In a Syrian refugee camp in northern Iraq, more than a garden grows. If you have followed the 100-year community farm’s progress over the last year, you have seen how we’re using regenerative and sustainable agricultural practices to restore and improve the soil. Our techniques produce thriving crops. Last year, the community farm yielded 850 kilograms of healthy food to feed nine families. But the farm is having another profound effect.
A Unique Capacity to Create Peace
Farmers don’t have control over the factors that impact land. For example, exploded bombs and ammunition contaminate the soil. Climate change contributes to drought or paradoxically intensifies rain, causing flooding. Farmers don’t have a say in when wars start, nor do they control the weather, but they have to cultivate the land regardless. Since farming is a struggle, doing it together makes it easier for everyone involved.
Working the land together gives joy and brings peace. All of us, even those who live in urban environments, need the land to be healthy in order for us to thrive. That’s why divided communities will come together out of necessity to grow food. Whether you’re sharing planting techniques or reminiscing about how you farmed back in Syria, the land is an easy place to have a conversation. From conversations, relationships grow as we realize there is more that unites us than divides us, and we all need each other. There’s a sense of togetherness because everyone is farming to benefit their families. Working together increases that benefit. For example, if several farms share a river, the farmer upstream knows that damming the river to hoard water will ultimately hurt his farm. The river needs to flow for the water system to remain healthy. When farmers work together in the community, farming becomes regenerative.
The Difference Between Regenerative and Sustainable
Whereas sustainable farming practices produce what the soil uses now, regenerative farming practices feed the earth beyond what is presently needed, rejuvenating the land for future use. In this way, regenerative practices give back to the environment, which, like peace-building practices, benefits the entire community now and into the future.
Regenerative Techniques Put into Practice
Farmers Yaser, Muhiedeen, and Aziza use natural practices they learned from their families’ farms back in Syria and new techniques introduced by Preemptive Love’s permaculturist Kayla Hatcher. In this way, the marriage of farming practices becomes a partnership with lots of dialogue to create a settled space.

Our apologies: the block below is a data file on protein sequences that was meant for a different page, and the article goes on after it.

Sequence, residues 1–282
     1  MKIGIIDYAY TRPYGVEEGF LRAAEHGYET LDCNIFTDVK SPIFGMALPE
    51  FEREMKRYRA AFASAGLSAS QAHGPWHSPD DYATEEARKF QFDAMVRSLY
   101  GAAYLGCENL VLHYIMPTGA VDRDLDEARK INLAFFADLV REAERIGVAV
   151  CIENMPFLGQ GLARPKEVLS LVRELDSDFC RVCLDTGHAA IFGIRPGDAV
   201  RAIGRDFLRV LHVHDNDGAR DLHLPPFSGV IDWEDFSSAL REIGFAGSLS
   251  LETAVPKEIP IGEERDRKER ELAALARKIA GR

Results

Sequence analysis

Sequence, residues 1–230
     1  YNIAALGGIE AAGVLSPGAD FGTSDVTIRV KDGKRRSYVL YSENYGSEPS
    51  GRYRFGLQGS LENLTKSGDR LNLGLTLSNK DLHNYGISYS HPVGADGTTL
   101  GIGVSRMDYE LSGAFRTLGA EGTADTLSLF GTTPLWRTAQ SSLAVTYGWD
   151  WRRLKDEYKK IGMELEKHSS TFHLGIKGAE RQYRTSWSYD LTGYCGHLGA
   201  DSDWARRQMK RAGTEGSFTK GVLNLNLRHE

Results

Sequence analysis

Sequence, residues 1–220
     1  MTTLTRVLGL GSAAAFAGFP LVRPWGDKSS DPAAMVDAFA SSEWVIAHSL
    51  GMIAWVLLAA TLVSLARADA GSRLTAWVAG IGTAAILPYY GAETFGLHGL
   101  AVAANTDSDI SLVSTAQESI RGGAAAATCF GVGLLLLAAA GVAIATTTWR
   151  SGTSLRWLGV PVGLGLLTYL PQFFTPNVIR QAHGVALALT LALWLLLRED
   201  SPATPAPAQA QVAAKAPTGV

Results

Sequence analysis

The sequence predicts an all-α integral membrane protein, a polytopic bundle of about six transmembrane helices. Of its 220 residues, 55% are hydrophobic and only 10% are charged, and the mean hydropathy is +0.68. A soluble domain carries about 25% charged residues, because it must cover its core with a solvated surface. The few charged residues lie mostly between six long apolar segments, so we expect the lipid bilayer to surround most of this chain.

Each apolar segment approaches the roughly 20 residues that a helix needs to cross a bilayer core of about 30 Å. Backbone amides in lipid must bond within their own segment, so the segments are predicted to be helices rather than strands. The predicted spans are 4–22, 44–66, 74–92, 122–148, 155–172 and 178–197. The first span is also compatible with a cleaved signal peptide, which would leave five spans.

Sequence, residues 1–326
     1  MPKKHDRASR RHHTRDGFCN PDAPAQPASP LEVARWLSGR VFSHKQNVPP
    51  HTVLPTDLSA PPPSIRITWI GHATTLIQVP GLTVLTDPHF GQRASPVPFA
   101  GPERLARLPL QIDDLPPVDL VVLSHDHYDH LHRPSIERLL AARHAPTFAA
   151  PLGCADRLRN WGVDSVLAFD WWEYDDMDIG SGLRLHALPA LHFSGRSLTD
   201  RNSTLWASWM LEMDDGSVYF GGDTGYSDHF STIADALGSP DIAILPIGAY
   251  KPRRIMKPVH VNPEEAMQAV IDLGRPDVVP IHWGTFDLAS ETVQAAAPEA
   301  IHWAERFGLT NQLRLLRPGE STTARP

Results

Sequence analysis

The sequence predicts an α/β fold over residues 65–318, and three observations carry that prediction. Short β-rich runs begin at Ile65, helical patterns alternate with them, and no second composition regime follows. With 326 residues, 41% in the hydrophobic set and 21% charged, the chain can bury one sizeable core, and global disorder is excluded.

Elemental to natural practices is not using chemicals, so we plant non-genetically modified organism (GMO) seeds.We don’t use insecticides to maintain crops because chemicals block a plant’s ability to absorb nutrients from the soil, diluting fruit and vegetables’ flavor. When chemicals are not used, plants take in more nutrients from the ground, which we experience as a more intense flavor.
Instead of using chemicals to maintain crops and the soil, the 100-year community farm uses regenerative techniques such as growing green manure cover crops (crops grown for mulch and used to feed the soil), composting, and using a liquid fertilizer made from animal manure, green plant material, and water. These techniques reduce farming expenses while they increase pollinators and make the soil healthy.
In addition, the farm harvests rainwater and directs it slowly into the soil to refill aquifers and help plant roots hold water in the ground . When the soil retains water, the soil temperature decreases, reducing dehydration (super important during northern Iraq’s hot, dry summers) and increasing the presence of healthy microbes and plant growth. In 2022, the farm harvested 58,907 gallons of rainwater.
Kayla also introduced propagation practices (using the plant material, you have to make more plant material) to further improve the soil’s health and benefit the community. Cuttings are taken from trees or plants and used to grow new ones. The farm community learned how to use plant grafting to increase the variety of produce grown and introduce new varieties such as purple tomatoes and husk cherries. Grafted trees tend to be stronger and yield fruit in the first year. Plant diversification safeguards against food insecurity if a crop fails
Diversification in planting is essential to maintaining a healthy ecological system. Nature is diverse. Similar to the benefits cultural diversity brings to a community, planting diverse crops increases the nutrient content in the soil, decreases pest problems, and reduces plant disease. Even weeds are welcome.
“Weeds,” which Kayla explains is a human-centric term, are native plants serving a necessary ecological function. When native plants appear, they are nature’s way of telling us there is a problem in the ecological system. For example, the appearance of native plants could tell us the soil has become acidic or too dry. In this way, nature uses the native plant to heal itself because the native plant brings what is lacking to the soil.
We’ve also started a seed bank on the farm to increase food sovereignty in the region. Forming the seed bank helps us build relationships with other farming communities in the region as we share and store harvested seeds from everyone’s plants in a central location. Local ownership over food sources is particularly important in Iraq, where most food products are imported from Iran and Turkey.
The farm would not exist without the passion of the nine families who work on it. Their desire to have agency over the land motivates their daily 5 am start, come rain or shine. Without much money and despite a severe drought, these farmers are restoring the land’s health and vitality for generations to come. By working in the community, they are healing the land, their families, and one another.